(Cranberry) Beans and Greens with Cod
A one-pound bag of Rancho Gordo Vallarta beans has been lying in my rice-and-beans drawer for a good while. Rancho Gordo, of Napa, California grows “New World Specialty Food featuring glorious old-fashion vegetables.” That’s what they say of themselves. I know them for their stall at the Ferry Plaza Farmers Market, which features heirloom beans with intriguing names such as; Runner Cannellini, Anasazi, Ojo de Cabra (eye of the goat), Yellow Indian Woman and Eye of the Tiger; among their 28 varieties. Vallarta is a small bean, a rich mahogany color, about the size of a navy bean. When I bought them, the Rancho Gordo folks said I could cook them like a navy bean.
Sauteed Beans and Greens
The Farmers Market is in a winter mode; root vegetables, citrus, beans and greens. I saw some fantastic mustard greens at the Mariquita Farm stand, and knowing I had a stash of beans, snapped them up. I love beans and greens as a comfort food side dish to have on hand. They are good with any kind of porkâ€”maybe especially hamâ€”but I like them best with fish. I got turned on to that idea in the 90’s with the recipe, Cod with Radicchio, White Beans, and Lemon Vinaigrette from Danny Meyer and Michael Romano’s Union Square Café Cookbook. (That is one of my Top Five cookbooks. We had dinner at the Union Square Café in New York in â€˜02, and I dragged along my tattered, food-stained copy to ask for the authors to sign it. They weren’t there on that Sunday evening, but the sous chef, Ted Habber, was good enough to sign it for me.) Who knew you could combine fish (protein), beans (starch) and radicchio (vegetable) in one glorious dish?
Since, I have collected about a dozen beans and greens recipesâ€”including soupsâ€”but I thought I’d check out the Rancho Gordo website for maybe a new twist, and I found it.
This recipe starts like most any bean recipe; cook the beans. The twist is that the beans are then sautéed in olive oil with onions and garlic for flavor, then the greens are added, no chicken stock is used, so this is vegetarian, if you’re so inclined.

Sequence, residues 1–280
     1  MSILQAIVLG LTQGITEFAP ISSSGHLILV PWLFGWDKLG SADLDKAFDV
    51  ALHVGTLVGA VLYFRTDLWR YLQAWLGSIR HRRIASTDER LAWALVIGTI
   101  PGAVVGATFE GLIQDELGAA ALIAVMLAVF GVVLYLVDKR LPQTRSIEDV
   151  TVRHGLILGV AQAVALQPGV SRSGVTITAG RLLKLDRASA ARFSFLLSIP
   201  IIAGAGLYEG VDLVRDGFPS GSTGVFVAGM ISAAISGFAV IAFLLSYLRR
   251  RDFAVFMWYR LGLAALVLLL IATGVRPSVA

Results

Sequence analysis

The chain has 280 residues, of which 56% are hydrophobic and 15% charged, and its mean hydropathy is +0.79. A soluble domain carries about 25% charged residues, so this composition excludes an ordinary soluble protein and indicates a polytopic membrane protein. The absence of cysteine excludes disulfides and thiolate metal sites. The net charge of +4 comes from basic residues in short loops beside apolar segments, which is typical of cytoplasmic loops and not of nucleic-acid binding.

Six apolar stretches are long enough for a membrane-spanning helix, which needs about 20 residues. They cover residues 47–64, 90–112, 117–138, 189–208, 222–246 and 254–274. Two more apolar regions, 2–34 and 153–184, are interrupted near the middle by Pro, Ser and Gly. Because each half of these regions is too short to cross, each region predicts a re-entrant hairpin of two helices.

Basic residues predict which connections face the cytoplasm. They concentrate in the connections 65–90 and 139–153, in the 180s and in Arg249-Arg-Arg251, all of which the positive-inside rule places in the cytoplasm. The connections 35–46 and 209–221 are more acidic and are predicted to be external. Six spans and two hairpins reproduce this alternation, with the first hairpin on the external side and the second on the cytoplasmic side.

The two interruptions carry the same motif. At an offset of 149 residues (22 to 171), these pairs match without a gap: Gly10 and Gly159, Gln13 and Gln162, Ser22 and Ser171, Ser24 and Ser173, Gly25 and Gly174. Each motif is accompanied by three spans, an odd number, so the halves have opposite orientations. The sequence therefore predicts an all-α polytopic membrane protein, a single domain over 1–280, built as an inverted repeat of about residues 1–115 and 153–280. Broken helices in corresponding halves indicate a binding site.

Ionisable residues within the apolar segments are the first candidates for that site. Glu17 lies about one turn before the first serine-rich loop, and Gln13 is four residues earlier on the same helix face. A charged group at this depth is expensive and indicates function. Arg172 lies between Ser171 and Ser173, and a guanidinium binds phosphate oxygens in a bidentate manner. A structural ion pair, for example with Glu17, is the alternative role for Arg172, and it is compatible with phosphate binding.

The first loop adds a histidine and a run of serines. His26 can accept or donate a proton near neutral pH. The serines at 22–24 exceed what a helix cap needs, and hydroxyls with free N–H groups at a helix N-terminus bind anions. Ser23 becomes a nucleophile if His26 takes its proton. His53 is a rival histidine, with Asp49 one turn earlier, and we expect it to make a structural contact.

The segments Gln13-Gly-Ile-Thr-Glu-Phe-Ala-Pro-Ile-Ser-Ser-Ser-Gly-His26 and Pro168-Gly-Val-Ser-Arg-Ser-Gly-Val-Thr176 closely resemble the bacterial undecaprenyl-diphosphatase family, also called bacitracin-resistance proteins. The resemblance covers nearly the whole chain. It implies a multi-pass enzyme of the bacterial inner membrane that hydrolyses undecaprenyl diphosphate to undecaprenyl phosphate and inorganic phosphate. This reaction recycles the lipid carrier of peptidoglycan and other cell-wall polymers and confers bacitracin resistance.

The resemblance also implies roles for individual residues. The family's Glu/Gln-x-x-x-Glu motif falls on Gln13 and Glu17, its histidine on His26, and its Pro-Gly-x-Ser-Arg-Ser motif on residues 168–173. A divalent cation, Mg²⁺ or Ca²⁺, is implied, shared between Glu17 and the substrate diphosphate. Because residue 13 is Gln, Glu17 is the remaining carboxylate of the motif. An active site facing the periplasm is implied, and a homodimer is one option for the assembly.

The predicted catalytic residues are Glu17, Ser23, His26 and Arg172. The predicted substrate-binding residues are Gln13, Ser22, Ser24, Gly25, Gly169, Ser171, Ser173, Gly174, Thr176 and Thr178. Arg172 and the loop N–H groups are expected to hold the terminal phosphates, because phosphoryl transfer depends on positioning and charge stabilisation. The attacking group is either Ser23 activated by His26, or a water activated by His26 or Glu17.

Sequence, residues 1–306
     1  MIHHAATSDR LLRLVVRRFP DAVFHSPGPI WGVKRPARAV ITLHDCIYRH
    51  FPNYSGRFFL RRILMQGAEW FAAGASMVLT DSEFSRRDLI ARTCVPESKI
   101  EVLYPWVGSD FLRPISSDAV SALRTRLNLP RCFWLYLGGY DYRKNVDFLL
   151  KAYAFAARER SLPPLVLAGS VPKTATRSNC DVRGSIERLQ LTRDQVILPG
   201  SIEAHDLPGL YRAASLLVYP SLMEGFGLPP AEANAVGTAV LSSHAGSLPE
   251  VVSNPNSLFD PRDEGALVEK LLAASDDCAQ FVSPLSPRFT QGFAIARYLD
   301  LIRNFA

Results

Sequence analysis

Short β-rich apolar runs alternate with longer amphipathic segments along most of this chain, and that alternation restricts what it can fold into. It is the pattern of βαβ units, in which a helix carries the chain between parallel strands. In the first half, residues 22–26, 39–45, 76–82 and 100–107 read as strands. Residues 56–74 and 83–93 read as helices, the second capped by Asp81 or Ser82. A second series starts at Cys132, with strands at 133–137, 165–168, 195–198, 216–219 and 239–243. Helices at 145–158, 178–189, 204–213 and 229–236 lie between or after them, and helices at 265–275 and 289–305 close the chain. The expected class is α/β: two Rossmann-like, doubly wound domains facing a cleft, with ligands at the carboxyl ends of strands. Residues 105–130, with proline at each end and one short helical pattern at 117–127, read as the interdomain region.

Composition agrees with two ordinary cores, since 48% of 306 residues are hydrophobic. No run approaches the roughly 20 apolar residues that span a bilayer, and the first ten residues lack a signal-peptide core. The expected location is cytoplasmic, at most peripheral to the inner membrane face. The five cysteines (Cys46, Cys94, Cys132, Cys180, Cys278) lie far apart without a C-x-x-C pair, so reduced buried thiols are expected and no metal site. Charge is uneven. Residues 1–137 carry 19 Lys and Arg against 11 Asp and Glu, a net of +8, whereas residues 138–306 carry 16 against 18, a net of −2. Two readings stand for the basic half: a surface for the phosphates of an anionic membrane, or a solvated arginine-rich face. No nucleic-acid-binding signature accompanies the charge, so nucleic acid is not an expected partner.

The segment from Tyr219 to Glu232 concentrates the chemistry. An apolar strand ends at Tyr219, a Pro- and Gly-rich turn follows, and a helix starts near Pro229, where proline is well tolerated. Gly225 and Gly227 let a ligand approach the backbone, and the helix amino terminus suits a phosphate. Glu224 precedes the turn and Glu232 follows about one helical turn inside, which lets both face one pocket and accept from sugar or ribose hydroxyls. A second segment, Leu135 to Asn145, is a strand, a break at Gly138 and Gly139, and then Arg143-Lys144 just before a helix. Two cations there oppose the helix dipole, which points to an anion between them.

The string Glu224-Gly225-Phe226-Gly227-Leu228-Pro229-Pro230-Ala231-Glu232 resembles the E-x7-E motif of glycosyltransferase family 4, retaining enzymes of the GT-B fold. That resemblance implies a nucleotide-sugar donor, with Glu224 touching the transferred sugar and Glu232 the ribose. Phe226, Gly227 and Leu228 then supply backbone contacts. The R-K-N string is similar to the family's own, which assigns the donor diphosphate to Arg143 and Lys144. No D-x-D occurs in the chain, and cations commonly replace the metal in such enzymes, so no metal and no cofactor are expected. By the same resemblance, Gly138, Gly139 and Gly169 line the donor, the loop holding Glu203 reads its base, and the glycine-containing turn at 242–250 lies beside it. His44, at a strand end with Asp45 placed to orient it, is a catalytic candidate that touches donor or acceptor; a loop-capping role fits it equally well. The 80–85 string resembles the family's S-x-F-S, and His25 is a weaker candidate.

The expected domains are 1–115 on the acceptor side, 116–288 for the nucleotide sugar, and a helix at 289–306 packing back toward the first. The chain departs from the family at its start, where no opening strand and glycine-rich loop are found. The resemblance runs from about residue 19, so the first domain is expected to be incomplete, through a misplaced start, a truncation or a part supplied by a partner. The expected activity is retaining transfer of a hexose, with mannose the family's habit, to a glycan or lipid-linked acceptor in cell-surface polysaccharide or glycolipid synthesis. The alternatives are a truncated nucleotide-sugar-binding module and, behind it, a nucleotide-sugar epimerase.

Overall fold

Sautéed Beans and Greens
Adapted from Heidi Swanson’s Sautéed White Beans and Greens for my equipment and the beans I had on hand. Heidi Swanson recently was the guest at the San Francisco Ferry Plaza Farmers Market’s Meet the Chef series and used some Ranch Gordo beans as part of her demonstration.
1 lb. beans (recipe calls for Runner Cannellini, a big bean, I used Vallarta, you could use store-bought Cannellini, but dry beans, not canned)
3 T+. salt for the bean water
3T extra-virgin olive oil + more to drizzle
4 cloves garlic, chopped
1 onion, loosely chopped
1 big bunch of greens (trimmed, loosely chopped chard or mustard greens, etc)
Freshly shaved Parmesan
More salt and pepper to taste
I like to use the Cook’s Illustrated method for cooking beans, it seems to me to be the easiest, quickestâ€”beans aren’t pre-soakedâ€”and most reliable: Put 1 pound of dried beans in a heavy pot with 12 cups of water and 1 teaspoon salt. Bring to a boil over medium high heat. Partially cover the pot, reduce the heat to low and simmer, stirring occasionally, until the beans are almost tender (about an hour, taste to tell). Remove the pot from the heat, add salt, cover, and let stand until the beans are tender, about 30 minutes. Drain the beans; reserve the liquid. Spread the beans out on a drying rack or cookie sheet to cool. Reserve half the beans in the cooking water for another use (bean soup is always good).
Getting your beans golden and tasty:
Get out your biggest skillet. Heat the olive oil over medium-high heat and add the beans in a single layer to the skillet. Toss a bit to coat the beans with the olive oil. Let the beans sit there and get brown on one side before tossing to brown the other sides. The beans should be golden and a bit crunchy on the outsides and soft and creamy on the insides. Salt to taste at this point.
Add the onions and garlic to the pan, toss it up a bit, and cook for a minute or two, or until the onions soften up. Add the greens, and stir for a minute or two until they begin to wilt. Remove from heat and season again to taste with a generous dose of salt and pepper. Drizzle with a bit of top quality extra-virgin olive oil, and sprinkle with freshly shaved Parmesan.
If you don’t have a big enough skillet — just make the recipe in two batches. Or save 1/2 the beans for another use.